Myristic acid

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Myristic acid[1]
Myristic acid.png
IUPAC name tetradecanoic acid
Identifiers
CAS number 544-63-8
PubChem 11005
SMILES CCCCCCCCCCCCCC(=O)O
Properties
Molecular formula C14H28O2
Molar mass 228.37092
Density 0.8622 g/cm3
Melting point

58.8 °C

Boiling point

250.5 °C at 100 mmHg

Except where noted otherwise, data are given for
materials in their standard state
(at 25 °C, 100 kPa)

Infobox disclaimer and references

Myristic acid, also called tetradecanoic acid, is a common saturated fatty acid with the molecular formula CH3(CH2)12COOH. A myristate is a salt or ester of myristic acid.

Myristic acid is named after the nutmeg (Myristica fragrans). Nutmeg butter is 75% trimyristin, the triglyceride of myristic acid. Besides nutmeg, myristic acid is also found in palm oil, butter fat and spermacetin, the crystallized fraction of oil from the sperm whale.

Myristic acid is also commonly added co-translationally to the penultimate, nitrogen terminus, glycine in receptor-associated kinases to confer the membrane localisation of the enzyme. The myristic acid has a sufficiently high hydrophobicity to become incorporated into the fatty acyl core of the phospholipid bilayer of the plasma membrane of the eukaryotic cell. In this way, myristic acid acts as a lipid anchor in biomembranes.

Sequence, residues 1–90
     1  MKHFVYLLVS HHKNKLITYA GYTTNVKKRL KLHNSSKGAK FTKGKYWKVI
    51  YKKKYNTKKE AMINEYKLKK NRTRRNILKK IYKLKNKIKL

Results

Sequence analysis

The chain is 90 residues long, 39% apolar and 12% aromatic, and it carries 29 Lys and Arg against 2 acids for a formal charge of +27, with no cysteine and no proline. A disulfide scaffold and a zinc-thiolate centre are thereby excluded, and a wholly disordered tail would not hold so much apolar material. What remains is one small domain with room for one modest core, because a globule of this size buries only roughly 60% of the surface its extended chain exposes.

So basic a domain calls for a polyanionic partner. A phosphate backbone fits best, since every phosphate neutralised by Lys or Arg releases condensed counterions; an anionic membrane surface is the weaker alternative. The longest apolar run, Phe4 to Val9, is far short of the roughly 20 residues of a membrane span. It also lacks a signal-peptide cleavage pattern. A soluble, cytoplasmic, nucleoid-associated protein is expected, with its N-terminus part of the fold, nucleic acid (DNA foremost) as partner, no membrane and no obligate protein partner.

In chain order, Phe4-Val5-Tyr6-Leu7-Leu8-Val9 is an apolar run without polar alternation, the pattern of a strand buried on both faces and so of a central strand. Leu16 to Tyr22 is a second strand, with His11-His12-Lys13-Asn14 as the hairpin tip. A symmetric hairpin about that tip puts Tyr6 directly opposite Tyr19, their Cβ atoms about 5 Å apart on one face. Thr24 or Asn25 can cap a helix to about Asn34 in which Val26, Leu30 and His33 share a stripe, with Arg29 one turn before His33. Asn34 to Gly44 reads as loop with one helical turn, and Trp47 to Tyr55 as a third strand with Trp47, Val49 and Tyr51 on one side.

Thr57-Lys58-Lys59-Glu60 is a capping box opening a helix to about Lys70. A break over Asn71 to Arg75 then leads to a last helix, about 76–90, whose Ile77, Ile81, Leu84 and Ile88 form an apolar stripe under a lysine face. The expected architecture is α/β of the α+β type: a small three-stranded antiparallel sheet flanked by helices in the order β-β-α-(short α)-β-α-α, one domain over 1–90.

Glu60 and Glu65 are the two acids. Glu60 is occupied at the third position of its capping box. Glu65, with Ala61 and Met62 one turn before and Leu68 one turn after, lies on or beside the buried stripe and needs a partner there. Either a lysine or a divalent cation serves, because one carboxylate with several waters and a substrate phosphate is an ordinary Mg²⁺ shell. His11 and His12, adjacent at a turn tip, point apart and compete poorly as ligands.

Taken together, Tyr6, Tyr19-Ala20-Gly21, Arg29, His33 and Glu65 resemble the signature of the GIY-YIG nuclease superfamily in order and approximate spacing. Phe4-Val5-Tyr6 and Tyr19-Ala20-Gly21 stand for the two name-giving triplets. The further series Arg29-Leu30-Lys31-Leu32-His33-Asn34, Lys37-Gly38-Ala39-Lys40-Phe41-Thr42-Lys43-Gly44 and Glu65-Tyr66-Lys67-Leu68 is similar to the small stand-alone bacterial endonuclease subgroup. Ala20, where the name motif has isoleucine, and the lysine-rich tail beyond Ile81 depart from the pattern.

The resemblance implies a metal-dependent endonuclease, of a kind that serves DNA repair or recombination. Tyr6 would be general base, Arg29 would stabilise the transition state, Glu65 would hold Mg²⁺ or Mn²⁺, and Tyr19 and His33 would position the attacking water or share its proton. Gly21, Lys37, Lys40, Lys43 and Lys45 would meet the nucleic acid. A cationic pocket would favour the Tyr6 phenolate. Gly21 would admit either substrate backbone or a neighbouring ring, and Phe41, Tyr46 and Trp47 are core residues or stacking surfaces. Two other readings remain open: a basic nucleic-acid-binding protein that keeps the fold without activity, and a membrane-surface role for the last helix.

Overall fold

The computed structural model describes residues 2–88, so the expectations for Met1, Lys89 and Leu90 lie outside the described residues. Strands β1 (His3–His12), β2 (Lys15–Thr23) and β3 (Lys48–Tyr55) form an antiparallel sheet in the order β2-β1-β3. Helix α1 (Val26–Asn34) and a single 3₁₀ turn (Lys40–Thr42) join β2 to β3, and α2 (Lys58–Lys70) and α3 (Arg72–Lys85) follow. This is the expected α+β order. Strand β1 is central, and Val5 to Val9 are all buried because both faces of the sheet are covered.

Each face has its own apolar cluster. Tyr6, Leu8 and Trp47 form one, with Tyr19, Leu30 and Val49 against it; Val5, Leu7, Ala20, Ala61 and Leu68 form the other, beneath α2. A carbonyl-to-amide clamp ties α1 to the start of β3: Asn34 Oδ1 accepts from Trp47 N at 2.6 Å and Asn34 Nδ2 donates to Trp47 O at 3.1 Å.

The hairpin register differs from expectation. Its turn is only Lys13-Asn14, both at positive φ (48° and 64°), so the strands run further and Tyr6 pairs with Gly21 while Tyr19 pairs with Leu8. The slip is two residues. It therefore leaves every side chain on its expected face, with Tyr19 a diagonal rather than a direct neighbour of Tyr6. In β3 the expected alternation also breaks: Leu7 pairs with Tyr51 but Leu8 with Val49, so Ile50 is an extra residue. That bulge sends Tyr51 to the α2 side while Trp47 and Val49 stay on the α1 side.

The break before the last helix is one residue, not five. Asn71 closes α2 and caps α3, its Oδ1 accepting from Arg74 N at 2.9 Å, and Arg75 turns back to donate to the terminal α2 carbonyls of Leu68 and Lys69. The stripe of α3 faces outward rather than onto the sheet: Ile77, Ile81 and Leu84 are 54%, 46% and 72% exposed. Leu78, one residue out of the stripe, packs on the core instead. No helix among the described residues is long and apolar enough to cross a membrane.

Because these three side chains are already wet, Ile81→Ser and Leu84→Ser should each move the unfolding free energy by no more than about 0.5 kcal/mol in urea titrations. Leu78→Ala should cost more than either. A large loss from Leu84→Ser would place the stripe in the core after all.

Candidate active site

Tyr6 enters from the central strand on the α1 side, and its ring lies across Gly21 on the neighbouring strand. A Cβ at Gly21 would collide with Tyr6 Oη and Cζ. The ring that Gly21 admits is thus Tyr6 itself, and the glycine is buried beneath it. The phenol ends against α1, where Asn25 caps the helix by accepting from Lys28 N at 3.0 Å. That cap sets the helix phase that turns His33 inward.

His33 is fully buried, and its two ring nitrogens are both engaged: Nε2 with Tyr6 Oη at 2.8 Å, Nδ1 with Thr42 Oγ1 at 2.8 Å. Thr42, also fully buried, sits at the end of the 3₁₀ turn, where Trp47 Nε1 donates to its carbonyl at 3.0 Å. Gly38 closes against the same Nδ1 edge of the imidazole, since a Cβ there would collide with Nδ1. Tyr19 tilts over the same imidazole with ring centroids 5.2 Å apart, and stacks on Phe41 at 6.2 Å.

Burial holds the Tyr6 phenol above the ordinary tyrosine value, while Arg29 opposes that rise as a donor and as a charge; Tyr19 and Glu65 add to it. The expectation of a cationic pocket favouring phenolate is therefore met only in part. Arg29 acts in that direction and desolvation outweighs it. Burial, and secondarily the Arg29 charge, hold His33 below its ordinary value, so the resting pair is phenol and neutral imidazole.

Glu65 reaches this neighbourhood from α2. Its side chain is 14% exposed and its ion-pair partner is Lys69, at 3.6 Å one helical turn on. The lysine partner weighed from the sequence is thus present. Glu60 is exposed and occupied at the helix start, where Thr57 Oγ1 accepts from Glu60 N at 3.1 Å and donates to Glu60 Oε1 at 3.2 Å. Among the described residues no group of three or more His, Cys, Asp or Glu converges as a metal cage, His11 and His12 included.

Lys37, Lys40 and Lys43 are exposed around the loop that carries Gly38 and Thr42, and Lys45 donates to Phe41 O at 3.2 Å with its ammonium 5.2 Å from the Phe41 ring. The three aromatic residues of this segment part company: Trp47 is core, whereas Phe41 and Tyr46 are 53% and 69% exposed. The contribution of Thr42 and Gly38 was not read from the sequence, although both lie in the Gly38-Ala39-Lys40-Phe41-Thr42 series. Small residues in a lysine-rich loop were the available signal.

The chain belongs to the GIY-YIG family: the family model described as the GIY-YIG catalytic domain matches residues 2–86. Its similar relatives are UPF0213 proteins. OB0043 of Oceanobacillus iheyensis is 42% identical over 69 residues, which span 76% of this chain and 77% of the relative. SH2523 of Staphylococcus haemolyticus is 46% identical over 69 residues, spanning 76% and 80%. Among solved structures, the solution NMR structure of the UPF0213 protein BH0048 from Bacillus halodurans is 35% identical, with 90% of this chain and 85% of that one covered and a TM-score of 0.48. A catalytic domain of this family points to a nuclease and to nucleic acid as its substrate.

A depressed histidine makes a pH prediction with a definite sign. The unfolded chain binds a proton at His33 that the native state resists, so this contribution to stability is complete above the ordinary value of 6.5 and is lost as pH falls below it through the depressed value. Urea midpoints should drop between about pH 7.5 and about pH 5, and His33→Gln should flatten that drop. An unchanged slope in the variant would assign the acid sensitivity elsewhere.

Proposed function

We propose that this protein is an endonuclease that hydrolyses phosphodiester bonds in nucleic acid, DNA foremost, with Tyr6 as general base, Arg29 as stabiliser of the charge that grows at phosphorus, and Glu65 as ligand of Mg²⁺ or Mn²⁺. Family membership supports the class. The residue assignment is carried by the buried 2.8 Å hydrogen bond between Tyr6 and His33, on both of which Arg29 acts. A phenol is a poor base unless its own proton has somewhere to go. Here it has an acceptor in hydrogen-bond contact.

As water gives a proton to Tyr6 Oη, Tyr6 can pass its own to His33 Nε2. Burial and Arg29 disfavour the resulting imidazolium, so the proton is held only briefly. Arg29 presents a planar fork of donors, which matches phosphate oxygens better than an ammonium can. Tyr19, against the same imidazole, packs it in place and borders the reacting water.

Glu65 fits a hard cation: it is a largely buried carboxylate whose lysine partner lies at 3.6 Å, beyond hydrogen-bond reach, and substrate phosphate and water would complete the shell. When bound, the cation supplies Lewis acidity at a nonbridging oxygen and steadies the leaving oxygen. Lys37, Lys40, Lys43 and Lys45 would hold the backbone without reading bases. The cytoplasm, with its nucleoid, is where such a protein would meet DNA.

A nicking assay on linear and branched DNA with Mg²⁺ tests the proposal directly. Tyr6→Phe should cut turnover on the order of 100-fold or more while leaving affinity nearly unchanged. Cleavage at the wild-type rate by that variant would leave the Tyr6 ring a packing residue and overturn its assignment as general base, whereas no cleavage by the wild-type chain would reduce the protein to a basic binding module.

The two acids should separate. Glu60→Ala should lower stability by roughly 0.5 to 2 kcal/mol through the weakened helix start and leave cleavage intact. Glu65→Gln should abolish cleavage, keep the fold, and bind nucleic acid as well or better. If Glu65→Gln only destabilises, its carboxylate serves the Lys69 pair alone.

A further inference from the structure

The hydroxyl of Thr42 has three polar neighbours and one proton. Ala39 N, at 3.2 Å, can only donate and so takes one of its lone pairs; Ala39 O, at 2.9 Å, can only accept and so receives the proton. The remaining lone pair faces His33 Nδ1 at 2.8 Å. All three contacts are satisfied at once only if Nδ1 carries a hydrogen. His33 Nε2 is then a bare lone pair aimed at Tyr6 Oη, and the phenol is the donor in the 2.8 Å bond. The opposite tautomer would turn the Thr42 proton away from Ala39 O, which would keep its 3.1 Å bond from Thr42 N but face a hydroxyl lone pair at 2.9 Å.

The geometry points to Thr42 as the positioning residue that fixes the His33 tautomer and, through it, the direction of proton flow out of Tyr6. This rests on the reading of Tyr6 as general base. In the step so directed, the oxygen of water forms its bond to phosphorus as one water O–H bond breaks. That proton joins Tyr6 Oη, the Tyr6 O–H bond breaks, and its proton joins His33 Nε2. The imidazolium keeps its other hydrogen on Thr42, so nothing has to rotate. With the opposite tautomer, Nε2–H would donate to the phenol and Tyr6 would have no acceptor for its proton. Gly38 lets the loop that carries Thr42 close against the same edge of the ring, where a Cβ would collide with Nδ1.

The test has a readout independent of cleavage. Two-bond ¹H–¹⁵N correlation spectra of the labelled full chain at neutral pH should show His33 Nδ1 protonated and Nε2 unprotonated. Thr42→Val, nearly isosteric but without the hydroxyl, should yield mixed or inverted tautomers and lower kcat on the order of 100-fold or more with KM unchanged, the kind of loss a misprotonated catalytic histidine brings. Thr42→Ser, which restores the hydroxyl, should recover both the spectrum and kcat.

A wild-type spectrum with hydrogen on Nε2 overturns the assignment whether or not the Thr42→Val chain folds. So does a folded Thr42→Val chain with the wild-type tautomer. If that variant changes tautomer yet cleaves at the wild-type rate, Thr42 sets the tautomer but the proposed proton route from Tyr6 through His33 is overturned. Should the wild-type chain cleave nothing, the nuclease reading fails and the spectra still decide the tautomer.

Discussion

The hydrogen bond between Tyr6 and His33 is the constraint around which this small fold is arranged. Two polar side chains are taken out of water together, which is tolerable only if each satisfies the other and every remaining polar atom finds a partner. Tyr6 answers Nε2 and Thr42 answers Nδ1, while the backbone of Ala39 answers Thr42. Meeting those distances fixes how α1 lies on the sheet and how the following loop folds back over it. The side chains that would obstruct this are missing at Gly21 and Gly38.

The ester isopropyl myristate is used in cosmetic and topical medicinal preparations where good absorption through the skin is desired.

Myristic acid was discovered by harry diehl under NIH. He was hired to find something to help athritis while there are now much more uses for it. He patented it in 1977.

Reduction of myristic acid yields myristyl alcohol.

References

  1. Merck Index, 11th Edition, 6246
de:Myristinsäureid:Asam miristat

it:Acido miristico nl:Myristinezuurlv:Miristīnskābe


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